3
$\begingroup$

I am conducting a discrete-time hazard model where the outcome being analysed is time to drop out of treatment during a 12-week clinical trial examining the effect of an agonist drug on days of illicit drug use. I am examining the influence of nine factors on whether and when participants drop out of treatment. The outcome is a discrete numeric variable, weeks in the trial (min = 1, max = 12).

Based on chapter 12 of Applied Longitudinal Data Analysis: Modeling Change and Event Occurrence by Singer and Willett I am conducting a discrete-time hazard model with complementary Log-Log link function. It is essentially a logistic regression model with a cLogLog link function instead of the usual logit; chosen because the outcome is discrete for measurement reasons not actually discrete (time participants actually dropped out could be any day between week markers, but we only have info for the week they dropped out).

Based on what I read in the book I created a person-period dataset that looks like this (have left out all the columns of predictors save 1 as they wouldn't fit on the display)

enter image description here

You can see participant 5 dropped out three weeks into the trial, and hence has three rows, with the event occurring on the third, whereas participant 6 stayed the entire 12 weeks and hence has twelve rows with no event.

I ran the model in R with syntax that looks like this. For non-R users (along with my apologies for parochialism) the model has reference-level coding and includes all 12 columns for each discrete time period as well as the nine predictors (the -1 is R syntax for 'remove the intercept`)

modLogLog <- glm(formula = event ~ D1 + D2 + D3 + D4 + D5 + D6 + D7 + D8 + D9 + D10 + D11 + D12 + gender + group + isi_tot + sf_pain + cpq_tot + qcq_tot + dass_tot + grams_per_day + durationRegUse_dec - 1, 
                 family=binomial(link = "cloglog"), 
                 data = treatDF_PP)

The output of the model looks like this

enter image description here

That was a lot of preamble I know. But my question relates to the coefficient for D12. For one it is tiny (1.82e-08 after reversing the complementary Log-Log transformation via 1-exp(-exp(foo))) and conspicuously non-significant (p=0.98), especially noticeable juxtaposed against the significant coefficients for the other time periods.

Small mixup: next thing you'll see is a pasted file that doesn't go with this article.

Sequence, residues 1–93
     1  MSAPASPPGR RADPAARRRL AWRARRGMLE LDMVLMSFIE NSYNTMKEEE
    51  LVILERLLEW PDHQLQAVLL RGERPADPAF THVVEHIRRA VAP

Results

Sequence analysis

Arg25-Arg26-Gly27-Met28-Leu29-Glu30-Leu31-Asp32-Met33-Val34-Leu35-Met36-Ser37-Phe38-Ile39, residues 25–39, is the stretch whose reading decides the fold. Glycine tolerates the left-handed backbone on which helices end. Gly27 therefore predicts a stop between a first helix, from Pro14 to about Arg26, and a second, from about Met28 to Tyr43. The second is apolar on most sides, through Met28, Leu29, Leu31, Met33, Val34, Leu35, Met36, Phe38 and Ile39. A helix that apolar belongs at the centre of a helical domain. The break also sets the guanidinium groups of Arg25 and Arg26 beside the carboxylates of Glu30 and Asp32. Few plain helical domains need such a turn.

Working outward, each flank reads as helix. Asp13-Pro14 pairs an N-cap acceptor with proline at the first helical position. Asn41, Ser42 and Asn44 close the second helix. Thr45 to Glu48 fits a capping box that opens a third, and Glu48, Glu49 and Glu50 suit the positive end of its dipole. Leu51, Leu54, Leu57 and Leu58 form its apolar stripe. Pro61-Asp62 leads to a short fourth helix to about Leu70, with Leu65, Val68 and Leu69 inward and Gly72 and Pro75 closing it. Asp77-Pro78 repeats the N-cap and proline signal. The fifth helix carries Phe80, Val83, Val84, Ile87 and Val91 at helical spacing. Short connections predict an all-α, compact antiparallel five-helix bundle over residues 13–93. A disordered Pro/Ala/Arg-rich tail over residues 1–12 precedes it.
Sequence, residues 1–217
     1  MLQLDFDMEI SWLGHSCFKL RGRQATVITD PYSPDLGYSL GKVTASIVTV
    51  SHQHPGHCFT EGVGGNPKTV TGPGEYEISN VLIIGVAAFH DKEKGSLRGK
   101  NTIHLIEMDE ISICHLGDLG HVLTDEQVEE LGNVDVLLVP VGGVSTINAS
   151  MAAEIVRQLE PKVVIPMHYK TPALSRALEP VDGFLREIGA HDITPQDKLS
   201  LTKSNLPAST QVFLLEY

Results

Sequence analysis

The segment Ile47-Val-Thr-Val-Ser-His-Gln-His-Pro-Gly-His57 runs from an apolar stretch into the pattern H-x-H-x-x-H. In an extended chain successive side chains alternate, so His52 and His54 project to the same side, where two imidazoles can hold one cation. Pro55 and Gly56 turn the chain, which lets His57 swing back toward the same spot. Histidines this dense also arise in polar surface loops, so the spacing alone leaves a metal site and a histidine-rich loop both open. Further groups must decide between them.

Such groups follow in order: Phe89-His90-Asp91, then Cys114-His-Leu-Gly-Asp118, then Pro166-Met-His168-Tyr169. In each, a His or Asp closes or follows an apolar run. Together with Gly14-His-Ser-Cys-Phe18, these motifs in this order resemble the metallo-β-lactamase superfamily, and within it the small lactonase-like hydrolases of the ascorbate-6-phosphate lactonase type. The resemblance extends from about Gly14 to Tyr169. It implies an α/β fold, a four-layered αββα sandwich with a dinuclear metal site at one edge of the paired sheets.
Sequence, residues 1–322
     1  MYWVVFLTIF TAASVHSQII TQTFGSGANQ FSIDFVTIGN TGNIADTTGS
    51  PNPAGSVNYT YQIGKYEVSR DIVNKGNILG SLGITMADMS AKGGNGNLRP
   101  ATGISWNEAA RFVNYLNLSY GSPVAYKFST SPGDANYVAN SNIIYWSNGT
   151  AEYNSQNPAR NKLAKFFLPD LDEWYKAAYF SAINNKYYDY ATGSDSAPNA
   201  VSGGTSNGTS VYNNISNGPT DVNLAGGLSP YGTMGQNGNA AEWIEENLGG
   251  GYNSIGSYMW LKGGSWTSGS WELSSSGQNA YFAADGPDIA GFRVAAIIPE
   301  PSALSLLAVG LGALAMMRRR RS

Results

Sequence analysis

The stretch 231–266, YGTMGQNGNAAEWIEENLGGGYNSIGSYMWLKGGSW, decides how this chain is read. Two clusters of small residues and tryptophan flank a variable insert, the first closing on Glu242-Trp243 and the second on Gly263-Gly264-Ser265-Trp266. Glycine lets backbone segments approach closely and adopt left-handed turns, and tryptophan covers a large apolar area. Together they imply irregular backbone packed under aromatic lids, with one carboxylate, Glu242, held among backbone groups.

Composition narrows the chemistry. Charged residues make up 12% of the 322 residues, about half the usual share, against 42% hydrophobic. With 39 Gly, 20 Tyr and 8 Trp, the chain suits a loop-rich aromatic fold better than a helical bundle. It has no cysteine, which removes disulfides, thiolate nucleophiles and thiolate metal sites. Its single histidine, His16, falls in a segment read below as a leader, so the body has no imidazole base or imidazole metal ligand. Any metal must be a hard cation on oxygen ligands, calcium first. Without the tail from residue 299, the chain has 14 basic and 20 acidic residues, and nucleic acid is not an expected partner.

At first I was concerned that I had make some drastic mistake creating the person period dataset, but I checked and everything looked correct. But this morning at about 4am it came to me: the coefficient might be caused by all participants who stayed in treatment to week 12 being right-censored at week 12, which would effectively mean that, during the week 12 "window", the hazard of dropout is effectively zero (i.e. the dropout 'event' cannot occur at this time period, which means no 1's in the event column for anyone who has a 1 in the D12 column).

Which brings me to my two-part question

Was my 4am epiphany right? Is the out-of-place coefficient due to no events occurring during that time period?

and, more importantly

Should I remove the D12 column as a predictor from my model because no events can occur in that week?

Insights much appreciated

$\endgroup$

1 Answer 1

2
$\begingroup$

Your "epiphany" seems to be correct.

A large coefficient with an enormous standard error suggests that you are (close to) perfect separation, with combinations of predictors that (almost) perfectly define the outcomes. If your data are structured in a way that there can be no events during the last time period, then predictions for that last time period are trivial: no "events" as you define them. There is no reason to include that last time period in this situation.

The distinction here from usual discrete-time survival models is that the events you are modeling would be considered right censoring (loss to follow up) in other survival models. In those other models, unlike yours, there can be events during the last time period.

$\endgroup$
2
  • $\begingroup$ Thanks for confirming EdM. I struggle with the concept of right censoring in a clinical trial when the 'event' is dropping out of treatment. Because in one sense everyone drops out of treatment at the end of the trial (if, as in our case, the treatment ends when the trial finishes) but in another sense no one drops out of treatment at the end of the trial because they did not intentionally drop out of treatment in the same way that people who dropped out during the trial did; the trial simply ends and they can't get treatment any more even if they still want to. $\endgroup$
    – llewmills
    Jun 22, 2022 at 22:34
  • $\begingroup$ The latter interpretation makes more sense to me - treating all the people still in the trial at the end (week 12) as right-censored rather than dropped out - and that is how I created the dataset, with the D12 column containing zero events. But treating all people at study end as right-censored still causes the issue I ran into which is that all people remaining in the risk set are right-censored at that point (i.e. 0% hazard of dropout in that time window) which leads to those crazy coefficients. $\endgroup$
    – llewmills
    Jun 22, 2022 at 22:40

Your Answer

By clicking “Post Your Answer”, you agree to our terms of service and acknowledge you have read our privacy policy.

Not the answer you're looking for? Browse other questions tagged or ask your own question.